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Basics of Fee-Based Competitive Intelligence Services

When you’re gathering information for competitive intelligence, it’s not always a case of getting what you pay for. Sometimes the most valuable information drops in your lap. However, several fee-based services can be very useful in collecting information from sources around the world and consolidating it in a single database that you can search, sort, and filter according to your CI needs.

If you’re willing to pay for information, you generally have two options:

  • Self-serve: With the self-serve option, you subscribe to a database equipped with tools to search, sort, and filter information. The benefits are that your searches are self-directed and on-demand, and you can perform unlimited research as long as your subscription remains active. The drawback is that any self-serve option has a learning curve; you need to get up to speed on how to unleash the power of the database.

    When considering self-serve options, you need to distinguish between general-purpose options (for publicly traded companies) and sources for information on privately held companies.

  • Hire a data-mining consultant: If you’re doing an ad hoc CI project to answer a specific question or deal with a particular issue, then hiring a data-mining consultant may be a wise choice. You simply describe the insight you’re trying to gain, and the data-mining consultant does the heavy lifting.

General-purpose fee-based data services

General-purpose fee-based data services are useful for any organization, regardless of the industry. The heavy hitters in this group include the following:

  • Bureau Van Dijk specializes in company information and intelligence.

  • Corporate Information has information on over 35,000 public companies. The company sells reports about specific companies.

  • Dow Jones offers several products broken down into the following categories: Print and Digital Media, Financial News and Information, Risk and Compliance, Research and Intelligence, and Corporate Communications and PR.

  • Hoovers offers numerous tools, reports, and database subscriptions to help you research millions of companies that span more than 900 industry segments.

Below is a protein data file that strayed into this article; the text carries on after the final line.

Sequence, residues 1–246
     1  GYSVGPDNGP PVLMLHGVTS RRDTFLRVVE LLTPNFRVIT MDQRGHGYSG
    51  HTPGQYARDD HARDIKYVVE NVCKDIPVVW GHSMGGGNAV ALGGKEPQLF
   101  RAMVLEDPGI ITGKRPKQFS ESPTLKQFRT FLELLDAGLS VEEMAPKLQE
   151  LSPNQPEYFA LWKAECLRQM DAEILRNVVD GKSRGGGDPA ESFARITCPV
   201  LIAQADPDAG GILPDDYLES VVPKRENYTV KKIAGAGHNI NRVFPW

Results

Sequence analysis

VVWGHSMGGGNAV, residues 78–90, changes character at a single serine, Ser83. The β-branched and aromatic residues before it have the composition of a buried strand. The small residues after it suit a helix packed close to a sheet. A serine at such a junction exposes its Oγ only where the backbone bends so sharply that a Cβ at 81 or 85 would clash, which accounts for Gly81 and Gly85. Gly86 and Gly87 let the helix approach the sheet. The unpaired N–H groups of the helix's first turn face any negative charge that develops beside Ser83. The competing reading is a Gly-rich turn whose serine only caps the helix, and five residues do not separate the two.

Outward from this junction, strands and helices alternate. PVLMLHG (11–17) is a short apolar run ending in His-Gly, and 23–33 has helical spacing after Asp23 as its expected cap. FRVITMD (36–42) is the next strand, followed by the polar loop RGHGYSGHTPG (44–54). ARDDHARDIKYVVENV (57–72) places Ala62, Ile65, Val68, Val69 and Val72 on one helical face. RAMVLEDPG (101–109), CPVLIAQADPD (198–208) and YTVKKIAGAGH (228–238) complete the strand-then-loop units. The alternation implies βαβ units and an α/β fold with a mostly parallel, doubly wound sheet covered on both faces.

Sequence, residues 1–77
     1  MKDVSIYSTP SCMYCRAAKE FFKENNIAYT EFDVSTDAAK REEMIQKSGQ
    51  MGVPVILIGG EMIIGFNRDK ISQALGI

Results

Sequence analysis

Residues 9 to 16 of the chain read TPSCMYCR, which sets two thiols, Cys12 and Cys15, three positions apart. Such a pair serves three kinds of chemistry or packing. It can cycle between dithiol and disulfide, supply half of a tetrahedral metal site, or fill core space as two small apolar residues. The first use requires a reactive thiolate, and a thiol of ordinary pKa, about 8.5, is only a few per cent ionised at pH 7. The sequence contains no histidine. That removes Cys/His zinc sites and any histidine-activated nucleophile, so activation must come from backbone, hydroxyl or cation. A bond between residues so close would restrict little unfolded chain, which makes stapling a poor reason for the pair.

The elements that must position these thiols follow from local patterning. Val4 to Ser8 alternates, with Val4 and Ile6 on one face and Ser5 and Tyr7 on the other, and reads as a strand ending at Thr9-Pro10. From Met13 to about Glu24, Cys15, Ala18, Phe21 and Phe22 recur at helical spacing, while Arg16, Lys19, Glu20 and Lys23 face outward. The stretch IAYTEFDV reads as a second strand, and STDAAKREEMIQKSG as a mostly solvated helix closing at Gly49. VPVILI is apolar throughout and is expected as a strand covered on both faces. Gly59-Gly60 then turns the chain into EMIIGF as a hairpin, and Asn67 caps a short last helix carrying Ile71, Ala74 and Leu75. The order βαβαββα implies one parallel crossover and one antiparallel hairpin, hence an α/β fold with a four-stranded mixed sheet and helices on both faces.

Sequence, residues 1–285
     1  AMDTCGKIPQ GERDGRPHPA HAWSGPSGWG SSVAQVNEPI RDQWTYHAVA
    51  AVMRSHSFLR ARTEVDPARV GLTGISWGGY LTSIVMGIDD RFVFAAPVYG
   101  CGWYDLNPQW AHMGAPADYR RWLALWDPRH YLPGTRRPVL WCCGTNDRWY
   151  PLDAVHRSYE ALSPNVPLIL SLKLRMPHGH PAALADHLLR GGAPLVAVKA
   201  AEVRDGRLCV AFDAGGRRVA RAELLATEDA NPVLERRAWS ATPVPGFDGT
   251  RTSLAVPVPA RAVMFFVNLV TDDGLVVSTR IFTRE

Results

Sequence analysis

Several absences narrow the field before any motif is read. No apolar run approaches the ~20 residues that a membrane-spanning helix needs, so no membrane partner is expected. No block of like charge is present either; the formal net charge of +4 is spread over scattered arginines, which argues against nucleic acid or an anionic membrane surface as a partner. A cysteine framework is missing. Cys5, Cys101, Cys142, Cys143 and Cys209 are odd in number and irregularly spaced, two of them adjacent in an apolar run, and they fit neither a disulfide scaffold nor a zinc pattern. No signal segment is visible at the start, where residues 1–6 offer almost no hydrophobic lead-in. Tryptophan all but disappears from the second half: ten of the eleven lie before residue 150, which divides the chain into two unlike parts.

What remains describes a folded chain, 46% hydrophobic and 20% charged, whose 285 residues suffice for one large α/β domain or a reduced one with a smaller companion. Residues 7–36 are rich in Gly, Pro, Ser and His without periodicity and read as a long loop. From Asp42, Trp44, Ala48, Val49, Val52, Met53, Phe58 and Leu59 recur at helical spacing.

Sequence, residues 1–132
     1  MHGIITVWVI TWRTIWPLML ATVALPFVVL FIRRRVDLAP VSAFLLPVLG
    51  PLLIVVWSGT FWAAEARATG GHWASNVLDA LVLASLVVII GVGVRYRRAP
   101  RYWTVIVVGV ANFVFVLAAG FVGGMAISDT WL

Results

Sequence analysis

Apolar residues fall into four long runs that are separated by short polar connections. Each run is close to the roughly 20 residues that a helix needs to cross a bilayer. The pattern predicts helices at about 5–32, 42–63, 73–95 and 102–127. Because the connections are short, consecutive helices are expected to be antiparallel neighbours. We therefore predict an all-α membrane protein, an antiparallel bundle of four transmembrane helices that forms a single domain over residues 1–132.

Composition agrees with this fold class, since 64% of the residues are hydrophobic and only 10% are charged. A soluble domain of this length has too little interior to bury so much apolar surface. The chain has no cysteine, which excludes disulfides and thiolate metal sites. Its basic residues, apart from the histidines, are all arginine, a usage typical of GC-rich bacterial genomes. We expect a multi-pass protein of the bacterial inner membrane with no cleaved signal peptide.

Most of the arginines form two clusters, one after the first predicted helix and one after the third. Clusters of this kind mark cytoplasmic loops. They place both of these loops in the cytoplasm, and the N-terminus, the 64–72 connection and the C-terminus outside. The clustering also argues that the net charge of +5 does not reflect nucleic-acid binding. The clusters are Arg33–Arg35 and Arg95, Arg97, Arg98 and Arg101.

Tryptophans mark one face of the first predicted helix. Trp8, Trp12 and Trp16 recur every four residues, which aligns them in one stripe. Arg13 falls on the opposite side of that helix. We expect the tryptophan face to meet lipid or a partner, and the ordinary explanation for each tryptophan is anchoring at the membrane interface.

• Lexis Nexis features a range of products, including online business news research, global company profiler, corporate investigative database tool, online public records tool, corporate legal resource management tool, and contact development analysis software.

  • Stratfor is one of the most broadly used intelligence information services. Stratfor has resources around the world that are adept at getting time-critical information to their clients at the speed of light. Stratfor offers daily briefings plus frequent in-depth analysis about key global or political issues.

  • The Economist Intelligence Unit provides global intelligence services that can be customized to the your intelligence needs. This organization has a rich background in CI.

Many fee-based databases have access to executives’ speeches (video or audio), which may offer some valuable insight into the character and mindset of competitors and other key players in your industry.

Sources for financial info on privately held companies

Thanks to SEC filing requirements, you can find plenty of financial information about publicly traded companies, but what about smaller, privately held companies? Fortunately, several sources provide financial info about nonpublicly traded corporations, including family-owned, equity-owned, venture-backed, and international companies that aren’t listed on the stock exchanges. Check out the following services, some of which may be quite expensive:

Industry-specific consultants

If you decide to hire a data-mining consultant, you can usually find a few options by flipping through the advertisements in your industry’s trade publications. Another option is to contact one of the major consulting firms. They usually have industry-specific consulting teams that bring a significant depth and breadth of knowledge to the assignment. Here are a few of the larger consulting firms to get you started:

Firms that specialize in CI:

SCIP has directory of service providers that you can access even if you’re not a member. Visit SCIP, click Resources in the navigation bar on the left, and click Directory of Service Providers.

Be sure that you evaluate and compare the consultants from each firm. Finding the right expert for an industry-specific project can save money and time, as well as provide much higher quality research.

When drawing up a contract to hire a consulting firm, always include a no-repackaging clause to send a clear signal that you expect the firm to do fresh research specifically for your organization. If the consulting firm refuses to sign the document, that probably means you were going to be sold repackaged research that has already been delivered to your competitor.

Another good practice is to give any new consulting firm a small project as a trial run before engaging it in a major project.

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